You’re thinking:  “This is a writing blog, Kit, what’s your point?”

My point is: It’s okay to take the stairs.  The scenic route, the back roads, the winding paths that take you away from the mechanical “gets-you-from-a-to-b” elevators and freeways of writing.

In an elevator, it takes you from the ground floor, to the fifteenth floor.  It doesn’t matter how you’re getting there.  You don’t question what might be on the floors in between…. but those floors between the ground and fifteenth floor are a necessary part of the building’s structure.  They house the elevator shaft that pulls you “from a-to-b.”

There's your destination... don't you care what's between here and there? What if there's a floor housing zombies? Or unicorns?

In your story, the journey is half the fun.  Each leg of your character’s journey should be essential to the plot, like each floor is essential to the building.  The stairs let you peek through doors, explore different floors, give your character the strength and personal growth to be ready for whatever the fifteenth floor holds.  Would you deny him the experience by sticking him in an elevator, passing all kinds of fun things the other floors may contain?  MAYBE HIS DEAD WIFE IS ON THE FIFTH FLOOR!  He’d want to know that, right?  Poor guy.  He really loved her, now he’ll never know, and never grow through his grief.

Let him wonder what's around the next bend... Also, the climb will be great for his thighs.

I got a little off track, I think.  What I’m trying to say is, taking your character from A-to-B is great.  You want him to get there, but not without the trials and tribulations of pulling himself up a long flight of stairs.  Stairs give him doors, which give him choices, which lead to growth, and that growth will give him the means of defeating his greatest obstacle: whatever lies on the fifteenth floor.

So, to recap:

  • Trials and tribulations are important.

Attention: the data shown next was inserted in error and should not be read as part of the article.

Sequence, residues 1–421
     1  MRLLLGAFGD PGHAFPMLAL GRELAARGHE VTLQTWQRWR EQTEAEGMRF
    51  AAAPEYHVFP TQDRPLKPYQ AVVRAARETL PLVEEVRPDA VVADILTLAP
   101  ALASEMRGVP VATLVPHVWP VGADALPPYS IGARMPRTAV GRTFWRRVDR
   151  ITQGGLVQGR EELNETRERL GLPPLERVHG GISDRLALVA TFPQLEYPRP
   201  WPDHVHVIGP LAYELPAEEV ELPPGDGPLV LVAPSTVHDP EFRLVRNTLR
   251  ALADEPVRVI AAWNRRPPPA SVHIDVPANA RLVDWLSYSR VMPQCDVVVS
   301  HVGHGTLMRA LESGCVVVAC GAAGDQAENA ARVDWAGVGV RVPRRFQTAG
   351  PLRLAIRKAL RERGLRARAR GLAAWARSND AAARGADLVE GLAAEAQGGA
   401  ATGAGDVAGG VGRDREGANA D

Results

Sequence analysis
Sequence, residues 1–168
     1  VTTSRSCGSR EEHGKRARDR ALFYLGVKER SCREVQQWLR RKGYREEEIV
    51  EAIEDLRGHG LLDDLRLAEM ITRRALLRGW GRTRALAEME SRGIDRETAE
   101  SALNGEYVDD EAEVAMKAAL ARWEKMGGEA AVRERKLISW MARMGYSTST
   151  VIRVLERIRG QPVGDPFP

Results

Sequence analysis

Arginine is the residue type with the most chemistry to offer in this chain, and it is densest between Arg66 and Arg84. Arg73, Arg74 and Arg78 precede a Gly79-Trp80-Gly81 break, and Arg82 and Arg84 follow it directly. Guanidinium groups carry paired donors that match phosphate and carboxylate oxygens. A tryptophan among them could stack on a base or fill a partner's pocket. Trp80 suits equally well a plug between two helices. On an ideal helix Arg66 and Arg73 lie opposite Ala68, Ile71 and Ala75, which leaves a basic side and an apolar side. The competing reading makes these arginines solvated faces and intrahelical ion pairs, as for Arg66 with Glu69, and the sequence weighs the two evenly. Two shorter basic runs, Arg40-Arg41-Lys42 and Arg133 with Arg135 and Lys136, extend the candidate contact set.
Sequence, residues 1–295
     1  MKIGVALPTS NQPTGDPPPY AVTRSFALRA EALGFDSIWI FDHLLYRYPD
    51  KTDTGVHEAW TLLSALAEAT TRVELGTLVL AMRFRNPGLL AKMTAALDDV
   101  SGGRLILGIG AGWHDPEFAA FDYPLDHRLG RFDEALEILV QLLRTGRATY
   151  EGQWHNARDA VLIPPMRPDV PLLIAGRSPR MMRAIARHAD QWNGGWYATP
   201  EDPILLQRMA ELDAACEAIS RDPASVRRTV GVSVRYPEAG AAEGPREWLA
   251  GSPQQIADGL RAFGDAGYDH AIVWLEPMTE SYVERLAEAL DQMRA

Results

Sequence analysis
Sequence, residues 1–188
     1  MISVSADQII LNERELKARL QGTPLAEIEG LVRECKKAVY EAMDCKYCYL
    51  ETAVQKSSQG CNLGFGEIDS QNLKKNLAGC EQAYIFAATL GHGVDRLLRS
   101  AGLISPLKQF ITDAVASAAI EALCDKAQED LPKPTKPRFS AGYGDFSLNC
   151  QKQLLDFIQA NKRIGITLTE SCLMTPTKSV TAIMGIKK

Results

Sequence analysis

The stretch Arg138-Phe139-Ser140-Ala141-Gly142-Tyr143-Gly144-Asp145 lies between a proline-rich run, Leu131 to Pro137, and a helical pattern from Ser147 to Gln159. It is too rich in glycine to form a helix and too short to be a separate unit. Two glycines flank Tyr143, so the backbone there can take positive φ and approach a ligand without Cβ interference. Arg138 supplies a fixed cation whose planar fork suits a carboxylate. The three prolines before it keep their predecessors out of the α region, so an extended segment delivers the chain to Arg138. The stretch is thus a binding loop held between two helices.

• Sticking your hero on the fifteenth floor from the first will only get him killed.
  • Reading about a character who hasn’t had the time or pain to grow and overcome is a character too boring to invest time in.
  • Stairs are good for the thighs.

Are you pro-stairs or pro-elevator?  What’s your favorite part of your protagonist’s journey?

Flickr photo: Elevator Buttons © iseethelight

Flickr photo: Stairs © Caucas


Filed under Writing Life

Training to Be a Career Author–Writing is More than the Writing (via Kristen Lamb’s Blog)

My writer friends could do with this sage advice. I know it changed my views on my writing methods. Give it a read, you won’t be sorry. =]

Training to Be a Career Author--Writing is More than the Writing Many of you who read this blog desire to be career authors, and kudos to you. It is a fun job and a great time. I used to be in sales. I literally hated my job so much I would throw up on the way to work. Every day I died a little more. This might be shocking, but selling cardboard had little outlet for being creative. I just knew that writing was the life for me. Ah….but how little I really knew. I now have had two successful best-selling books, … Read More

via Kristen Lamb's Blog


Filed under Writing